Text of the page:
This time, we’re reviewing the share of appeals accounted for by final judgments in the 1990s.  As a reminder, we’re defining “criminal” broadly to include quasi-criminal cases such as habeas corpus, as well as juvenile justice cases.  Until 2011 when Illinois abolished the death penalty, we also include direct appeals to the Supreme Court from death penalties in the trial courts.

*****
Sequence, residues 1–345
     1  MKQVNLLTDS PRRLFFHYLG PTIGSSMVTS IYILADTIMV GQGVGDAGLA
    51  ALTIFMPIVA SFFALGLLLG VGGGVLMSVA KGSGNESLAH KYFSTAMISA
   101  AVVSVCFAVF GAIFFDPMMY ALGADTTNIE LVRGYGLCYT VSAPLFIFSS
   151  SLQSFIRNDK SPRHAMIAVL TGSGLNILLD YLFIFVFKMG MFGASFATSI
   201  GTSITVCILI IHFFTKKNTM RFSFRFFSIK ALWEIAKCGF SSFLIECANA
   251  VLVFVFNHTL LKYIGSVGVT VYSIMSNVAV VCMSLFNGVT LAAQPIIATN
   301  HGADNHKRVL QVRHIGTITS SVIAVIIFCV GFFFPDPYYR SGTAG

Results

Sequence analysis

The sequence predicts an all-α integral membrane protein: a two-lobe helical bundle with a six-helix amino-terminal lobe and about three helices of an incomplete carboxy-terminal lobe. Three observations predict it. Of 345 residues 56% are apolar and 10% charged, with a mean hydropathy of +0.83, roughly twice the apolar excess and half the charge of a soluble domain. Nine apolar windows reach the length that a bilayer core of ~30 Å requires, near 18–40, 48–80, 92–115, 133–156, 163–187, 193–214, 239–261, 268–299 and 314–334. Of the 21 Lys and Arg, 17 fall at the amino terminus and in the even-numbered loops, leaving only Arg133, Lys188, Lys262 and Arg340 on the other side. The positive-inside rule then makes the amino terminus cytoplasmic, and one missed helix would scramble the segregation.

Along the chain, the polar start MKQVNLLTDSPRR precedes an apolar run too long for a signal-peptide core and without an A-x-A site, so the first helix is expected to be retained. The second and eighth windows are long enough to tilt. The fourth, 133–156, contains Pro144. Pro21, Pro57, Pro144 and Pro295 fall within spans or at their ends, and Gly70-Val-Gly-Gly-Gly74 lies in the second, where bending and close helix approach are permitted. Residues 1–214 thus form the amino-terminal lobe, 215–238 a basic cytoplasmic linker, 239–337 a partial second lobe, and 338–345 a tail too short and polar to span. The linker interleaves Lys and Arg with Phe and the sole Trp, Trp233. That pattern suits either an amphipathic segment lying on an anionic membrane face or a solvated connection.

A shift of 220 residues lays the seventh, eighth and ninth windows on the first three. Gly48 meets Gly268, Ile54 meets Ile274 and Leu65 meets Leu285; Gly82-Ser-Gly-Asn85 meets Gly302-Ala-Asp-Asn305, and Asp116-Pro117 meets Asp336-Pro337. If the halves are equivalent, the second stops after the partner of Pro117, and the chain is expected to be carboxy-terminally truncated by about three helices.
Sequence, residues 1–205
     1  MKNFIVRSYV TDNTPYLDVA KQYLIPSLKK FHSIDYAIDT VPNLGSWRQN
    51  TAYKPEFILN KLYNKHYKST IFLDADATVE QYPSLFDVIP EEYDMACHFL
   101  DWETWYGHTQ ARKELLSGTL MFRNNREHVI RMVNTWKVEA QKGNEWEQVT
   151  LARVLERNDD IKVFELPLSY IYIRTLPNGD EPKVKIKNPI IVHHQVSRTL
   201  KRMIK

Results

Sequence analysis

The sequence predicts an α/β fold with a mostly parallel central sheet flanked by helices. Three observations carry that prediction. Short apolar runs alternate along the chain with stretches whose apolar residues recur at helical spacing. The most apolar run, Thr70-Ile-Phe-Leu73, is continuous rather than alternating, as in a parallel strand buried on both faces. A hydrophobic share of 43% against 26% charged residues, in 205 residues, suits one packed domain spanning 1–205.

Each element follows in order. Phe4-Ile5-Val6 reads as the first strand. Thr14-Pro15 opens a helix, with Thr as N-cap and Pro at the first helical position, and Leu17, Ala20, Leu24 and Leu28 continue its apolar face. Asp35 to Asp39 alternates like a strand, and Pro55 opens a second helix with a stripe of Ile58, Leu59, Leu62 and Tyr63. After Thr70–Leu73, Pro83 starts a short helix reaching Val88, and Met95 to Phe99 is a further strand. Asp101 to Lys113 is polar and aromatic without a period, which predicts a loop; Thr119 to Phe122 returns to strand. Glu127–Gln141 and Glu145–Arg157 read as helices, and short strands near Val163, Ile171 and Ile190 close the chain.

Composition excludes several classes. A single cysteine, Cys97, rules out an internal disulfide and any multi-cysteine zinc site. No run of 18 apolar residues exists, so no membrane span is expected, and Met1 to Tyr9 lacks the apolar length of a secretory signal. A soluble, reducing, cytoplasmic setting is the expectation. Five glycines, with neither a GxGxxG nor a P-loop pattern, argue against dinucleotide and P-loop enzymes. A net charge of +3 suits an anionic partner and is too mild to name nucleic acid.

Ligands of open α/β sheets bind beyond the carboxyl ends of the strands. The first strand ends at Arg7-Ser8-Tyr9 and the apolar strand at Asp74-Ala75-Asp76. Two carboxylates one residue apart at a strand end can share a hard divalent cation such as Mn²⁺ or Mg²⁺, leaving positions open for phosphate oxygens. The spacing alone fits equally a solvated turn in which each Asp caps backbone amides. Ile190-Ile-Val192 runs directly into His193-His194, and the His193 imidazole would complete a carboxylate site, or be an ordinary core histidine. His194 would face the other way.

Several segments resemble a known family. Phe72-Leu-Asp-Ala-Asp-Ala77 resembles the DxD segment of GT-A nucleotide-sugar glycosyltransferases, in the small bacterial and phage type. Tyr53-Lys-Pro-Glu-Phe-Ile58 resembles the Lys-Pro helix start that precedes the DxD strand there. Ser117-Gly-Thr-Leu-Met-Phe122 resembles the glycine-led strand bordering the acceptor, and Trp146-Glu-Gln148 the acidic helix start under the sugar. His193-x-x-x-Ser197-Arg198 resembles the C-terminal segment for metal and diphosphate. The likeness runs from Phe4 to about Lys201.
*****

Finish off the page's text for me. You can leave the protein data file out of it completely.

During this decade, the percentage of cases which were either final judgments from the Appellate Court or death penalty appeals was fairly stable.  In 1990, 60.87% of criminal appeals were either one or the other.  In 1991, it was almost the same – 59.65%.  The share rose to 65.12% in 1993 before falling into the low fifties, and then back to 64.81% in 1996.  By 1999, it was back down to 50.94%.

Join us back here next week as we review the data for the decade 2000 to 2009.

Image courtesy of Flickr by Randy Wick (no changes).